Lately every commercial, email, and news story seems to be using the same phrase: “uncertain times.” It’s true that the moment we are living in is rather unstable. Our lives are certainly changing, and it can be hard to keep up with these changes especially as they relate to our work.
As recruiters we are constantly keeping an eye out for ways in which the job market and skills needs are shifting. Keeping up-to-date on paradigm shifts in the way we work and future job requirements will help you in determining best practices for our new set of priorities and norms in a time that is so uncertain.
For example, working from home may be the new normal. Working from home is by no means new, but before the pandemic only about 31% of people worked from home, compared to 63% by the beginning of May of this year. COVID-19 has propelled forward the normalization of working from home by at least 10 years. Along with our new “work-from-anywhere” workplace comes a much heavier reliance on technology. From contactless payments to the proliferation of online meetings now being held, tech is an integral part of the work-from-anywhere model.
Technology that supports our current work-from-anywhere models such as Zoom and Slack have been rapidly introduced to many offices over the last few months and it is unlikely that their usage will be lessened even after shelter-in-place (SIP) orders have been lifted. The result will be a work environment that looks much different from pre COVID-19, even after people are allowed to go back to work. These and other new technologies can have a steep learning curve but failing to adapt to them may put you behind your competitors and leave you at a strategic disadvantage. For more information on how to keep up with the ever changing tech sector we suggest exploring the advice of this Forbes article.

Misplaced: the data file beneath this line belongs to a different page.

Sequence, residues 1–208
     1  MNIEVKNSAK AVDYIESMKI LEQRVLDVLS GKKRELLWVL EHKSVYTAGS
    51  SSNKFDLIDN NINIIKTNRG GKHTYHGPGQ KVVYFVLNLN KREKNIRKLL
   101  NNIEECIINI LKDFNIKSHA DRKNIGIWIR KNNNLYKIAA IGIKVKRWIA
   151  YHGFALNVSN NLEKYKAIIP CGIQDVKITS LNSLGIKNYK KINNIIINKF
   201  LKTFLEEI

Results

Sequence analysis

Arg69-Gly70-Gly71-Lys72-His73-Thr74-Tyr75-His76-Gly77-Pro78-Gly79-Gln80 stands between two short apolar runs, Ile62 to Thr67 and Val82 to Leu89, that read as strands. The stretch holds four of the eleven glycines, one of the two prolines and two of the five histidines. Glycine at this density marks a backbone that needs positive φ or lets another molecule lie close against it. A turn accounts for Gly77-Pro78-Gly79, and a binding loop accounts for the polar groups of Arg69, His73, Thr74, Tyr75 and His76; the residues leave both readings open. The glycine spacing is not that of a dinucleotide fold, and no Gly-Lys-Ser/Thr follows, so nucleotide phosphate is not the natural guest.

The continued integration of technology into our work processes may have further reaching effects than just different modes of work. New technology coupled with a unwillingness to work within close quarters of others may accelerate automation in industrial sectors. This means many industrial workers may very well be losing their current positions, and those job slots are unlikely to come back even after the pandemic passes. Replacing them will be new technology-geared positions. With proper training in technologies of the future, existing industrial workers could transition into newly created roles.
According to Brian Kropp, Vice President at the research firm Gartner, another job segment that may experience further contraction in the near future are middle management roles for large corporations. After the 2008 financial crisis, middle managers across the board lost their jobs as companies evaluated which positions were necessary for the function of the business and found many middle management positions non-essential. For small to mid-size companies this presents an opportunity to more easily hire strong managers with a wealth of experience earned from years of working at a larger firm.
Trends in the workplace can be hard to keep up with, but we hope that you can use this article’s information and recommendations proactively to ensure your future success.
Let us know how you’ve been overcoming obstacles in your new work environment as a result of the COVID-19 pandemic. We would love to hear your feedback!
written by Nina Medernach